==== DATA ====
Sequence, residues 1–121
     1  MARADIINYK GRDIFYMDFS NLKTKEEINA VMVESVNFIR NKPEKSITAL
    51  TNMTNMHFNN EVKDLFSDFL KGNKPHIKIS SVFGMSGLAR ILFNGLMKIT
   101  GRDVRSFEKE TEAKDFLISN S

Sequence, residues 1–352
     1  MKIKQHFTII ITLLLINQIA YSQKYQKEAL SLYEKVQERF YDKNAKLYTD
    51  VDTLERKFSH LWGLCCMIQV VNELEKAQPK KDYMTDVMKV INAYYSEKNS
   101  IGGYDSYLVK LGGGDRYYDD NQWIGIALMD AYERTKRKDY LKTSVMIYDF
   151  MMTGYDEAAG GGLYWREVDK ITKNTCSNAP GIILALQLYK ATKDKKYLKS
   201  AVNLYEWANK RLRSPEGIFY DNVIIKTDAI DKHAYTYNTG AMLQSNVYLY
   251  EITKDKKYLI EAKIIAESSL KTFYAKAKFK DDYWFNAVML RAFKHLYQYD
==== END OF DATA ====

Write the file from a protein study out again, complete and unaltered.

Sequence, residues 1–121
     1  MARADIINYK GRDIFYMDFS NLKTKEEINA VMVESVNFIR NKPEKSITAL
    51  TNMTNMHFNN EVKDLFSDFL KGNKPHIKIS SVFGMSGLAR ILFNGLMKIT
   101  GRDVRSFEKE TEAKDFLISN S

Sequence, residues 1–352
     1  MKIKQHFTII ITLLLINQIA YSQKYQKEAL SLYEKVQERF YDKNAKLYTD
    51  VDTLERKFSH LWGLCCMIQV VNELEKAQPK KDYMTDVMKV INAYYSEKNS
   101  IGGYDSYLVK LGGGDRYYDD NQWIGIALMD AYERTKRKDY LKTSVMIYDF
   151  MMTGYDEAAG GGLYWREVDK ITKNTCSNAP GIILALQLYK ATKDKKYLKS
   201  AVNLYEWANK RLRSPEGIFY DNVIIKTDAI DKHAYTYNTG AMLQSNVYLY
   251  EITKDKKYLI EAKIIAESSL KTFYAKAKFK DDYWFNAVML RAFKHLYQYD